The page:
As the name suggests, “endothelial progenitor cells (EPCs) are progenitors with the ability to produce functional endothelial cells." Based on recent findings, endothelial progenitor cells have been shown to be heterogeneous and are associated with several other functions.
Originating from the mesodermal stem cells, these cells are commonly known as angioblasts in embryos (embryonic endothelial progenitors). In adults, they are divided into two main groups that which include endothelial progenitor cells of hematopoietic origin (known as myeloid angiogenic cells) and those of non-hematopoietic origin (endothelial colony-forming cell).
A portion of these progenitors are suggested to reside in various tissues (e.g. the neural tissue and adipose tissue, etc) and are referred to as tissue-resident endothelial progenitors.
Some of the main characteristics of endothelial progenitor cells include:
Markers are important molecules that make it possible to differentiate different types of cells. Consisting of proteins or lipids etc, the majority of these molecules are associated with the cell membrane and are therefore described as cell surface antigens in many works of literature.
Like many other cells, endothelial progenitors are characterized by several types of markers, these include:
CD133 -Also known as prominin-1, CD133 is a membrane glycoprotein that can be found in human beings and mice.
CD34 - Encoded by CD34 genes in human beings, CD34 is a transmembrane phosphoglycoprotein (sialomucin) found in human beings
Vascular endothelial growth factor receptor-2 (VEGFR2/KDR/Flk-1) - Expressed on the surface of endothelial progenitors and some endothelial cells, vascular endothelial growth factor receptor 2 is a receptor (tyrosine kinase) that has been shown to moderate the angiogenic activities of VEGF-A (Vascular endothelial growth factor A) and VEGF-C (Vascular endothelial growth factor C)
VE-Cadherin/CD144/Cadherin-5 - Vascular endothelial cadherin is encoded by the CDH5 gene in human beings and belongs to a subgroup of Cadherin homophilic adhesion proteins. As such, it's involved in adhesion and can therefore be found between endothelial cells
CD31 - Like VE-Cadherin, CD31 (PECAM-1) is also an adhesion protein. It's encoded by the gene PECAM1 (Platelet endothelial cell adhesion molecule) and is heavily glycosylated
CD45 - Encoded by the PTPRC gene, CD45 is a transmembrane protein that is also known as protein tyrosine phosphatase receptor type C (PTPRC)
CD177 - CD177 is a glycosylphosphatidylinositol-anchored protein that is encoded by the CD177 gene. It's also known as c-kit and acts as a cellular receptor
CXCR4 (C-X-C chemokine receptor type 4) - Also known as leukocyte-derived seven-transmembrane domain receptor (LESTR), CXCR4 is a G protein-coupled receptor that is encoded by the CXCR4 gene
Some of the other markers associated with endothelial progenitor cells include:
Endothelial cells can be isolated from a number of sources in the body. Whereas some of these cells can be found in the peripheral blood and umbilical cord blood (non-hematopoietic), others can be found in neural tissue, umbilical cord tissue, as well as adipose tissue, etc (tissue-resident EPCs). Therefore, endothelial progenitor cells can be isolated from several sources.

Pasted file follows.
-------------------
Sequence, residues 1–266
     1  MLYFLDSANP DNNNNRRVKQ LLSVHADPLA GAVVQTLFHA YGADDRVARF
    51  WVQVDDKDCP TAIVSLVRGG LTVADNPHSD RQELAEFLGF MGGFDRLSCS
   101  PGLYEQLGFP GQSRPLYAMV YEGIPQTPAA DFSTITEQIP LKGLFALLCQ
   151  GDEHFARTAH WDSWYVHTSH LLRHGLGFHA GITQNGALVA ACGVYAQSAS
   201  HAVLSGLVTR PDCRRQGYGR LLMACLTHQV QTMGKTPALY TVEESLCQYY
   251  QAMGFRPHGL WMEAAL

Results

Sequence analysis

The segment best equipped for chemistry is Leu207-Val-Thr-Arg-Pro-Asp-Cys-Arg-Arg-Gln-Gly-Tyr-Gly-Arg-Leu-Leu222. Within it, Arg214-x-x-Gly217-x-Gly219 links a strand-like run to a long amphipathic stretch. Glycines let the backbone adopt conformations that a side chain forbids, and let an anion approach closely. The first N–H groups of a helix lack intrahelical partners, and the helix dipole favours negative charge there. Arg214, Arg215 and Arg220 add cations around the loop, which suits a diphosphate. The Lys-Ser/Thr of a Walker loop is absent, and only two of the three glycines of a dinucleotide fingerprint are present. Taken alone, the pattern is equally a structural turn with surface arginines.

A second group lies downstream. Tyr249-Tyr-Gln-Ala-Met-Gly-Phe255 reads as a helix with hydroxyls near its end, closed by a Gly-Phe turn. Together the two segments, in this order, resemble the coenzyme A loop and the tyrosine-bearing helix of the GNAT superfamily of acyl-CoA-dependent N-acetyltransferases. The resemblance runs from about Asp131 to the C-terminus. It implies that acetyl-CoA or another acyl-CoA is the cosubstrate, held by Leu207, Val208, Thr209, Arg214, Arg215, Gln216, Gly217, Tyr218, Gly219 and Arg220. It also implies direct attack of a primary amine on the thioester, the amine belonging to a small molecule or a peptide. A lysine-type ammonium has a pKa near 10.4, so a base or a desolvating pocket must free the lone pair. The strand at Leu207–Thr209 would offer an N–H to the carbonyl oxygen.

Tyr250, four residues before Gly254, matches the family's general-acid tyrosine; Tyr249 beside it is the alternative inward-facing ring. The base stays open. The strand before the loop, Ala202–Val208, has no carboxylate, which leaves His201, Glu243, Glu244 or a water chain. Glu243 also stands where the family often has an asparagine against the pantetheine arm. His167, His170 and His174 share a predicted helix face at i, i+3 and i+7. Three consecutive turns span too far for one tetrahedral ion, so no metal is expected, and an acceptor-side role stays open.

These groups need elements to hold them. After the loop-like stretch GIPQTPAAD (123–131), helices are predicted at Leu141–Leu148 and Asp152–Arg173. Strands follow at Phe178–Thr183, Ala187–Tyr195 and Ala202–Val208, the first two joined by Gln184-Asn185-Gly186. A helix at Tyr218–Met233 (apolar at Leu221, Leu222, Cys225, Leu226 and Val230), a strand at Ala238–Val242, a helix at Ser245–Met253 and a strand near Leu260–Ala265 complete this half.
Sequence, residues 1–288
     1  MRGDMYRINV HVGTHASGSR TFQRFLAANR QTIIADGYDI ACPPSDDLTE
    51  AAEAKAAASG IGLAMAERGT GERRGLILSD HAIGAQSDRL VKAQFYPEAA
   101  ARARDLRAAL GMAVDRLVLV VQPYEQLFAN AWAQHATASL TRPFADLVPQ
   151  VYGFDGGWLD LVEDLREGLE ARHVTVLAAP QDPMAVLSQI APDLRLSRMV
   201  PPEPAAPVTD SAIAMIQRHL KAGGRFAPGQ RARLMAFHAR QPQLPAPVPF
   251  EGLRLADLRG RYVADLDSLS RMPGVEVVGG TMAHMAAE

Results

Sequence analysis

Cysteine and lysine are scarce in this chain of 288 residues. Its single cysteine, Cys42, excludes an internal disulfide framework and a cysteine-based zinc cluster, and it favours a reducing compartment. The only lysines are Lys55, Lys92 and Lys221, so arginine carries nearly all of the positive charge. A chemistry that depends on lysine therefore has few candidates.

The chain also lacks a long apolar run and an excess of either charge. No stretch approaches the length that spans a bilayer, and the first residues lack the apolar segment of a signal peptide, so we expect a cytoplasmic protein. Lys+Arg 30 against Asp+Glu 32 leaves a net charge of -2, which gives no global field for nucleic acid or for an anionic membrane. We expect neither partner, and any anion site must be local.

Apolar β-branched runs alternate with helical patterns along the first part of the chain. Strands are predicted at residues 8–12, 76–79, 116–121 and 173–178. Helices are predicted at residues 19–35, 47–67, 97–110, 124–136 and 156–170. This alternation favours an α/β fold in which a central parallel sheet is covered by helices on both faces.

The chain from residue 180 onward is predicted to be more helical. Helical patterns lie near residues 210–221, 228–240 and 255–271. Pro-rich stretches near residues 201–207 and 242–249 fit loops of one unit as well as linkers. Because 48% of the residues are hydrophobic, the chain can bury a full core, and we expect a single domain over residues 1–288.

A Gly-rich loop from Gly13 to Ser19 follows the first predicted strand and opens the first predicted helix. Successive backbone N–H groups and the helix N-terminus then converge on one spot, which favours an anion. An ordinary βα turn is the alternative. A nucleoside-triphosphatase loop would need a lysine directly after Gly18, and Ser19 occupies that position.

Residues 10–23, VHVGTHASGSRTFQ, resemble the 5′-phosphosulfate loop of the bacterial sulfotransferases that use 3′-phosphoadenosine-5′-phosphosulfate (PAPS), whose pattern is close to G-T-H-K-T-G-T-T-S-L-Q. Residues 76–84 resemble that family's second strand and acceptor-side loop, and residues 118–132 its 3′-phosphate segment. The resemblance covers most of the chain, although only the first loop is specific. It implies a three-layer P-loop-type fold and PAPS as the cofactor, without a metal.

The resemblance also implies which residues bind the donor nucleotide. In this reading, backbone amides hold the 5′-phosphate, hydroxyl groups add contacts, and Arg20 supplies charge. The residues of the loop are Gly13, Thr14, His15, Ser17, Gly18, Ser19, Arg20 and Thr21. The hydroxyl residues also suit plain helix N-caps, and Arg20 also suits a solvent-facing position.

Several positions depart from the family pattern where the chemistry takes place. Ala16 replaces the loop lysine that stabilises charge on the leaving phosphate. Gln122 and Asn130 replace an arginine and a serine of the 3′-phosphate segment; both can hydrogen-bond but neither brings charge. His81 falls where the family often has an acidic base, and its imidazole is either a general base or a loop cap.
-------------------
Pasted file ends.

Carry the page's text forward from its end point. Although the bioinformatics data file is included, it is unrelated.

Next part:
While there are a number of techniques that can be used to isolate these cells, magnetic microbeads coated with the appropriate antibodies are commonly used for this purpose.
In general, using magnetic microbeads (column-based magnetic cell separation) for isolation may involve the following steps:
· Sample collection - If peripheral blood is being used, then a sample is first collected - The sample has to be properly stored if it's not used immediately
· Labeling - The second step of isolation involves labeling the cells with microbeads for a few minutes at 4 degrees C. In this case, the microbeads (magnetic) can be coated with anti-CD133 or anti-CD34 antibodies so that they can combine with the antigens on the surface of the progenitors
· After a few minutes, the cell suspension is passed through a column matrix which is placed in a magnetic field. While the unlabeled cells easily pass through, the magnetically labeled cells are retained in the column
· By pushing buffer through the column, it becomes possible to collect the labeled/target cells which can then be washed and assessed
a) Cells are labeled with antibody-coated microbeads
b) labeled cells (green and red) and unlabelled cells (green)
c) both labeled and unlabelled cells are passed through a column located between magnets
d) labeled cells are retained in the column - buffer is also added into the column with labeled cells
e) the buffer is pushed out of the column to collect labeled cells
Angiogenesis refers to the process through which blood vessels develop from the existing vascular system (vasculature). The process occurs throughout the life of an individual from fetal development to old age.
In postnatal life, this process is involved in a number of other roles including tissue ischemia, wound healing, as well as the formation of tissue vasculature.
In an embryo, studies in mice have shown that angioblasts (endothelial progenitor cells in embryos) originate from the mesoderm cells, which themselves are produced in the posterior primitive streak. From the mesoderm cells, these precursors migrate to the extraembryonic yolk sac where they are involved in the formation of the primitive capillary plexus.